The most infamous hot dog stand in Parkville history.
By Mark VastoJust when you thought you were out, they pull you back in. The chronicle of the Denney family’s attempt to start a hot dog vendor cart business in downtown Parkville dominated the news during the late summer months and, like some hot dogs are wont to do, the story keeps coming up.
In brief, John and Pam Denney were granted a two-week, temporary vendor’s license to operate a hot dog stand in downtown Parkville’s vacant lot next to the train tracks, directly across from the vacant Power Plant location. The lot has been empty since a train derailment demolished the building on site in 1999.
Alleging a pattern of consistent harassment and abuse at the hands of downtown merchants and landlords such as Tom Hutsler, Dave Williams and others, the Denney’s opted not to try and renew their license at the end of their two week run. In a letter to the Parkville Board of Aldermen, subsequently reprinted in The Parkville Luminary, the Denney’s referred to those harassing them as a “clique of vigilantes” who had no discernible vision for the downtown. The story prompted a maelstrom of events downtown, all of which were chronicled by The Luminary (Editor’s note: background to follow in upcoming posts...if that makes any sense).
Now, The Luminary has learned, the husband and wife vending team have had their application rejected by the 2009 Christmas on the River Committee.
“We tried to apply for [the vending license] the minute we heard they were available but we were told that the applications were not ready yet, that there was going to be a different set of rules this year, ” Pam Denney said after being contacted by The Luminary. Denney said she had spoken to Main Street Parkville Association Chair Carol Kuhns and Ward 1 Alderman Deborah Butcher in the matter. Both are co-chairs of the annual Christmas gala. Denney said they filled out the application and sent in a check immediately.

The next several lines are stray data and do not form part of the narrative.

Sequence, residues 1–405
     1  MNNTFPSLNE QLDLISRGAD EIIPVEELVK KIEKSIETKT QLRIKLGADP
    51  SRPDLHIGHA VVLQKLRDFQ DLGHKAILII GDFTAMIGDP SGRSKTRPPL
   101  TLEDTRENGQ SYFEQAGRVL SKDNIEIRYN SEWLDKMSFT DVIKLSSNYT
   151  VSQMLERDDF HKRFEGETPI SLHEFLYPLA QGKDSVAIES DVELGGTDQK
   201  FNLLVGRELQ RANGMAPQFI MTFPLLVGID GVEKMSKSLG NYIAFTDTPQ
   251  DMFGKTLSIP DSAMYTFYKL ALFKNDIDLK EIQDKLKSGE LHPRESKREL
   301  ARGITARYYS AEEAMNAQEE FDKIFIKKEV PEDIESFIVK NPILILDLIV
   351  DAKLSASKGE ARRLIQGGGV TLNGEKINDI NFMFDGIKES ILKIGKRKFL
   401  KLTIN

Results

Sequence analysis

Following some turmoil amongst the Christmas on the River Committee in regards to vending at the event – the vendors were, at first, handled by Butcher until Tom Hutsler wrested the task away at a meeting of the committee – the Denney’s were denied.
“We were told they were going in a different direction,” Denney said.
When contacted by The Luminary, Butcher confirmed that the Denney’s application had been denied and that the vending applications were being handled by Hutsler. (Editor’s note: due to ongoing litigation between Hutsler and the reporter for this story, Hutsler was not reached for comment.)
The criteria for selecting vendors, she said, was changed to weigh in favor of event seniority and not-for-profit status.
Specifically, the hierarchy weighs in favor of local businesses (who do not have to pay a vending fee, a change instituted in 2005), non-profit organizations, for-profit organizations with prior festival experience and, lastly, new for-profit vendors. The Denney’s acknowledge that they fall into the latter category. Their first events were Parkville Days and the Fourth of July. They also were invited to the inaugural Parktoberfest.
“Once we decided to do this, we went to Parkville first,” Denney, a 48 year resident of the area with three Park Hill educated children, explained. “Parkville just steered our heart; it’s our home and you just kind of want to stay in your hometown.”
Christmas on the River has approved 19 vendors, all of which will be corralled in the southern part of Main Street during the festival, their traditional location.
The festival area is approved by the Parkville Community Land and Recreation Board, who then recommend the festival space to the Board of Aldermen, who ultimately approve the event. They do not, however, manage the minutiae of the event, such as activities and vending applications. Those tasks are handled by the festival planners under the umbrella of the Parkville Community Development Corporation, a 501-c3 chaired by Tim Rice.
At festivals, space considerations do come into play, but the Denney’s suspect that their rejection stems from their feud with Hutsler.
“We know why we’re not coming back...we heard about the meetings,” Denney said, adding she has no ill-will towards Carol Kuhns, Butcher or the staff at City Hall..
“It’s their prerogative to change direction. [John and I] have nothing against these ladies...nothing personal at all. They appear to be very dilligent at what they do.”
The Denneys said they would continue to pedal their Chicago style hot dogs at festivals around the region, naming Riverside, Liberty, Kearny and Kansas City as potential spots to work. One thing, however, is certain: they will continue to sell.
“We’ll survive,” Denney predicted. “We’re not going to fold up.”